Robert E. Lougheed was born on farm in central Canada, in a small village called Massie. He was the second of three sons, all of whom learned to cut wheat, stack hay, hoe corn and shovel manure. When the boys were school age, the family moved to Dufferin County. Lougheed attended a red brick schoolhouse, where many students rode a horse to class.
As a very young boy, he began to sketch the animals and wildlife around him. As a teen, he began to seriously consider a career as an artist. He began his study with a correspondence course. His formal art training continued at the Ontario College of Arts and the École des Beaux-Arts in Montréal. During his early twenties, Lougheed worked full-time as an illustrator for the Toronto Star, attended night school, and painted on the weekends.
Later, he studied with Frank Vincent Dumond and Dean Cornwell in New York. He was such an outstanding pupil that in later years in a reunion with Lougheed, Dumond said: "There goes the best I ever had!" That was high praise indeed from a man who had also taught Georgia O'Keeffe, Buck Dunton and Norman Rockwell.
Though he never quite felt at home in New York, so far from the rustic lands of his childhood, Lougheed was very successful. His commercial work included the flying red horse for Mobile Oil, several books, and calendars for Brown & Bigelow. The United States Post Office commissioned him to do the six-cent Buffalo Stamp. He spent half of the year on commercial endeavors, and the other half on fine art painting and associated travel. He traveled throughout his beloved Canada and the West, including Alaska, usually seeking wildlife subjects. He was often accompanied by his friend, John Clymer. In 1980, Lougheed began traveling to Europe, first to France where he produced 44 paintings in 30 days, and the next year to England, where he produced 77 paintings in 45 days.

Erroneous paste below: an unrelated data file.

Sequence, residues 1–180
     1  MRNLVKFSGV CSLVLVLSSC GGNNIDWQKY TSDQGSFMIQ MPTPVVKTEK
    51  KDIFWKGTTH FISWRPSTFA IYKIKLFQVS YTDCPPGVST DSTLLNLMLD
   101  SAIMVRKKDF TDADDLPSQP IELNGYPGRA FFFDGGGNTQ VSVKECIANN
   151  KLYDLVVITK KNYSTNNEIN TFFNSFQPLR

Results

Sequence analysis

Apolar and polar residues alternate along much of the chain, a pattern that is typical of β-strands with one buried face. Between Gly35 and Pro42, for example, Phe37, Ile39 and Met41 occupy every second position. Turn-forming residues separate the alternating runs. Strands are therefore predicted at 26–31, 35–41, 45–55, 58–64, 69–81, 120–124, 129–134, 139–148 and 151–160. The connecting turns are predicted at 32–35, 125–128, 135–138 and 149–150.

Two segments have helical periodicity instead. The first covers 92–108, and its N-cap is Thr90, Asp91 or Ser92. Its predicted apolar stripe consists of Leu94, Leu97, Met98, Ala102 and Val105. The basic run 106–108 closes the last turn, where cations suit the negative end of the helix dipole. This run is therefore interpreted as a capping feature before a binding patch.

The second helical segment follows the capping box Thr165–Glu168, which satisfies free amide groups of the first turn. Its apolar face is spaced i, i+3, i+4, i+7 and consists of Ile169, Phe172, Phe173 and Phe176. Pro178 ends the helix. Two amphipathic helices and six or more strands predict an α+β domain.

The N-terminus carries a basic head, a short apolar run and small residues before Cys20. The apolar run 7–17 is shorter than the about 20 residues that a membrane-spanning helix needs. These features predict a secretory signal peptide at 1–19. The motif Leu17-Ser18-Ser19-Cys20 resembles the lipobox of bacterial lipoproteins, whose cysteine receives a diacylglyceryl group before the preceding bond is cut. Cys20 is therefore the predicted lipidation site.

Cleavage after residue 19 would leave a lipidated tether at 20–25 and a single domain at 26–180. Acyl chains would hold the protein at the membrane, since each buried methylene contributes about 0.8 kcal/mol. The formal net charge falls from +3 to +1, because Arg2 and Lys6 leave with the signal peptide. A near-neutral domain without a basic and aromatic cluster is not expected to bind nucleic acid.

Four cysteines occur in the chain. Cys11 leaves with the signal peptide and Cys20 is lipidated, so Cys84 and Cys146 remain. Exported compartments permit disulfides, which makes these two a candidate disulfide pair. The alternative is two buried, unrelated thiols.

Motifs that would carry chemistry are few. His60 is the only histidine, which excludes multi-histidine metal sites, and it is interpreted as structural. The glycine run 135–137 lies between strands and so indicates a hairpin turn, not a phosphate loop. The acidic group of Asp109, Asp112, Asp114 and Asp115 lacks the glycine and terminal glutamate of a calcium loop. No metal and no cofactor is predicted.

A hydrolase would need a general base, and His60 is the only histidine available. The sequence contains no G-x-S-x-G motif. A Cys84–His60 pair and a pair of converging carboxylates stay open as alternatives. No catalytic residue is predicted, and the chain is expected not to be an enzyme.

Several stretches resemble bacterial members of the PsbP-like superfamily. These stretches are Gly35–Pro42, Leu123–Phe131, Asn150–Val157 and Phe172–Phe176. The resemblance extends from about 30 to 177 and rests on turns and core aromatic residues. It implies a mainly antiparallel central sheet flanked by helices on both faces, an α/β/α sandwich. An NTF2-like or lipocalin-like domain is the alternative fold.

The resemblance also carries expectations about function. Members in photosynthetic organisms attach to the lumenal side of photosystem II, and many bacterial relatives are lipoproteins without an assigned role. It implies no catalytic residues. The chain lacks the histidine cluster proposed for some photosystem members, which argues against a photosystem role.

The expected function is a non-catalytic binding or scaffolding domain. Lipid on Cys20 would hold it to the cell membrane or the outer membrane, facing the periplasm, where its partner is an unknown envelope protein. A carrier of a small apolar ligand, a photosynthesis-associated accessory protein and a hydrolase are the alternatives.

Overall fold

Among Lougheed's many commissions was a horse series for The National Geographic in the early 1960s, at the famous Bell Ranch in eastern New Mexico. He found the country so beautiful that he returned to New Mexico every fall until 1970, when he and his wife Cordy decided to move to Santa Fe permanently.
Lougheed was elected to membership in the Cowboy Artists of America (CAA) in 1968, and to the National Academy of Western Art (NAWA) in 1973. He won an astounding 27 gold and silver medals in their exhibitions. In addition, he won the Colt Firearms Award (CAA), the Jasper Cropsey Award, the Grumbacher Award, the Franklin Mint Gold Medal for Distinguished Western Art and the Miriam B. Cropsey Award.
Source: Nedra Matteucci Galleries, representing Robert E. Lougheed.